Poseidon gave Minos this bull on the condition that it was to be sacrificed in Poseidon’s honor, but Minos was so impressed with this bull that he swapped it with an ordinary bull and released the magical bull into his own herd, thinking to trick Poseidon.
Poseidon was enraged. As punishment, the Goddess Aphrodite caused Pasiphaë, the wife of King Minos, to fall in love with the bull from the sea. Pasiphaë became pregnant by the Cretan Bull and gave birth to the Minotaur, a creature with the head of a bull and the body of a man. Poseidon infused the Cretan Bull with his own rage, causing the magical bull to tear up the land all over Crete.
King Minos consulted with the Oracle of Delphi about what to do about the Cretan Bull. On the Oracle’s advice, King Minos ordered the mortal Daedalus, a craftsman, to construct the Labyrinth to hold the Minotaur, the Cretan Bull’s son. But the Cretan Bull continued to lay waste to Crete.
Hercules and the Cretan Bull
Hercules was sent by Eurystheus to capture the Cretan Bull as his Seventh Task.
When Hercules finally hunted down the bull, who was hiding in the forest at the far end of the island, the bull pawed the earth and threw its head down, ready to charge and attack Hercules.
While the bull has its head down, and was not looking, Hercules quickly grabbed the bull by its horns and threw it to the ground. The bull was dazed and dizzy for a minute.
Before the bull could recover, Hercules had him tied tightly up with rope. Hercules carried the bull back to King Eury, much to the relief of the Minoan people of ancient Crete.
Minos was glad to be rid of the Bull, so Hercules captured it and had it shipped to Eurystheus. Later, the Cretan Bull wandered into Marathon and became known as the Marathonian Bull.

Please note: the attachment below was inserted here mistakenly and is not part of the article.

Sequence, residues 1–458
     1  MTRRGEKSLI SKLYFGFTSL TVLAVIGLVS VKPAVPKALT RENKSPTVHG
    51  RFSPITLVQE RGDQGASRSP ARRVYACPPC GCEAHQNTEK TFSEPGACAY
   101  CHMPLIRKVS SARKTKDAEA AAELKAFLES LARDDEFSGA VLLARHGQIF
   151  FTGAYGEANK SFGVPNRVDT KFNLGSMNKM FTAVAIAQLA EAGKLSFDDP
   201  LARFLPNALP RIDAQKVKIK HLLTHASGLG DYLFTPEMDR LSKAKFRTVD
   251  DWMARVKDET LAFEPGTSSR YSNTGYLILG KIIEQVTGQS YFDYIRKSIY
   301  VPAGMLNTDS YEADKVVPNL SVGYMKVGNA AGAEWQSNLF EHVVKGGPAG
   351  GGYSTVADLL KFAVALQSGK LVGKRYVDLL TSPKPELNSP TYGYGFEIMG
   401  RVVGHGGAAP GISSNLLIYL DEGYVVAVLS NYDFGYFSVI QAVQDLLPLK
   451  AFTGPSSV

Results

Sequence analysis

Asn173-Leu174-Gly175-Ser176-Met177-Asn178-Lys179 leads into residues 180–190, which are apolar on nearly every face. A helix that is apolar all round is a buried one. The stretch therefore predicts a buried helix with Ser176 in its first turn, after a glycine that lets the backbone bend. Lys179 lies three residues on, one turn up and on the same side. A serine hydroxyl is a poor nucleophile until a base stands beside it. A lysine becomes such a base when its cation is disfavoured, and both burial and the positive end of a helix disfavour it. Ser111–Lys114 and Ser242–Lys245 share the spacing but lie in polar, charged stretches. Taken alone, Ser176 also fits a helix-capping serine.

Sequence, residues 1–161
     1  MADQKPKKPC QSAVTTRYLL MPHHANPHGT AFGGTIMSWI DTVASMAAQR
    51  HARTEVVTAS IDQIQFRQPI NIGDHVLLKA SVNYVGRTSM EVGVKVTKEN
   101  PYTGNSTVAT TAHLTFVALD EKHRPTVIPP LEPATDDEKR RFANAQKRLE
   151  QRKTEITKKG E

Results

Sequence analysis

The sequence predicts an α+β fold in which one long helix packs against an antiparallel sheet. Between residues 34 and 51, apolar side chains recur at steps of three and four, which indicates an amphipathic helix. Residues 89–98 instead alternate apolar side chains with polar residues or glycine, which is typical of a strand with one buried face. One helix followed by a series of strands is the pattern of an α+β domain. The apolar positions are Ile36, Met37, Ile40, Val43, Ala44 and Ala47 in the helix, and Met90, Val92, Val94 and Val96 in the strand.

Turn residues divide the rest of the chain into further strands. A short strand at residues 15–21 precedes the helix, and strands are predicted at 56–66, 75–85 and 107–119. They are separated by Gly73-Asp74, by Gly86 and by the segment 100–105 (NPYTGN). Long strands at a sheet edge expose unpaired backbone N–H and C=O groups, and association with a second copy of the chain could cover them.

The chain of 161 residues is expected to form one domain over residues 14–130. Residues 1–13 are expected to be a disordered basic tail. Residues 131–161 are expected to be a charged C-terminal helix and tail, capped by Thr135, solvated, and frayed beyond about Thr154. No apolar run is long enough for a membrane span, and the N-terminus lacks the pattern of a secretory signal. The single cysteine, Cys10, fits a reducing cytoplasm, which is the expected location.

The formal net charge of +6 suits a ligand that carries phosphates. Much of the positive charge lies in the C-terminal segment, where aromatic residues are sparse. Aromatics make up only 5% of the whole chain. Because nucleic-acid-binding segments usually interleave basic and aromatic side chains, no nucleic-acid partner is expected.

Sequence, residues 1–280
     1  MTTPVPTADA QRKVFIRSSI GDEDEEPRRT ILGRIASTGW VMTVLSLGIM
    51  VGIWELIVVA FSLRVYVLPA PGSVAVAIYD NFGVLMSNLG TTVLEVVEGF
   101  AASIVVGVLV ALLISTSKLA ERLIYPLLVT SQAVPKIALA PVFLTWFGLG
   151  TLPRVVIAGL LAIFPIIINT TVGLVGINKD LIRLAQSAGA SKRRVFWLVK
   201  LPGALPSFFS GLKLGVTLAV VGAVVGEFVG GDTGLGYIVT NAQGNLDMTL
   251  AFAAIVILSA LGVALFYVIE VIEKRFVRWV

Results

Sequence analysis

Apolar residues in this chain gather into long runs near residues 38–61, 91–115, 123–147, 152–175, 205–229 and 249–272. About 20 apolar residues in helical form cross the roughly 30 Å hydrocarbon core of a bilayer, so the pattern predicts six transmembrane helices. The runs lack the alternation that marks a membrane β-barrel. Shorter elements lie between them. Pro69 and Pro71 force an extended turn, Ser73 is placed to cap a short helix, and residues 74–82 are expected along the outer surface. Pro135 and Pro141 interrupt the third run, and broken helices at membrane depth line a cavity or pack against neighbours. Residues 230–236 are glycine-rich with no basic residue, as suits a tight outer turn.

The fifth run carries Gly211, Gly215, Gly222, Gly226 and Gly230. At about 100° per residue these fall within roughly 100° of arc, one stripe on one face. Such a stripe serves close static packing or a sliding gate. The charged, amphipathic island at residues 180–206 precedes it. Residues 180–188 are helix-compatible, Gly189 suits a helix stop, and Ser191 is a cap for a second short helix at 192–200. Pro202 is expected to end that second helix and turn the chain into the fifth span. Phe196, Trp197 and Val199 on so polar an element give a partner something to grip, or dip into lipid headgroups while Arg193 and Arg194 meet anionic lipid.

King Minos and The Myth of the Minotaur
King Minos sent his son Androgeos to Athens to compete in the games held each year by the Athens King Aegeus. Androgeos was killed by a bull during the games, which angered King Minos so much that he declared war on Athens and, with the help of Zeus, won. As punishment for the loss of his son to the bull, King Minos imposed a tax on Athens in the form of a recurring nine year sacrifice of an Athenian maiden to the Minotaur in the Labyrinth.
Later, the hero Theseus was sent from Athens to slay the Minotaur and release Athens from the punishing tax.
Crete and the Mediterranean Worship of the Bull
In actual history, Minoan Crete did worship the bull, a popular symbol of fertility and also vegetation. Many cave cultures used bulls in rites for the dead. Parts of Spain worshiped the bull during the same period, and the bull is the most important animal at the Neolithic shrines at Çatalhöyük, an ancient Turkish civilization from 7000 B.C.
The bull was a frequent part of worship in ancient Mediterranean cultures, and only later became a part of Greek mythology in the form of the Cretan bull and its son the Minotaur.
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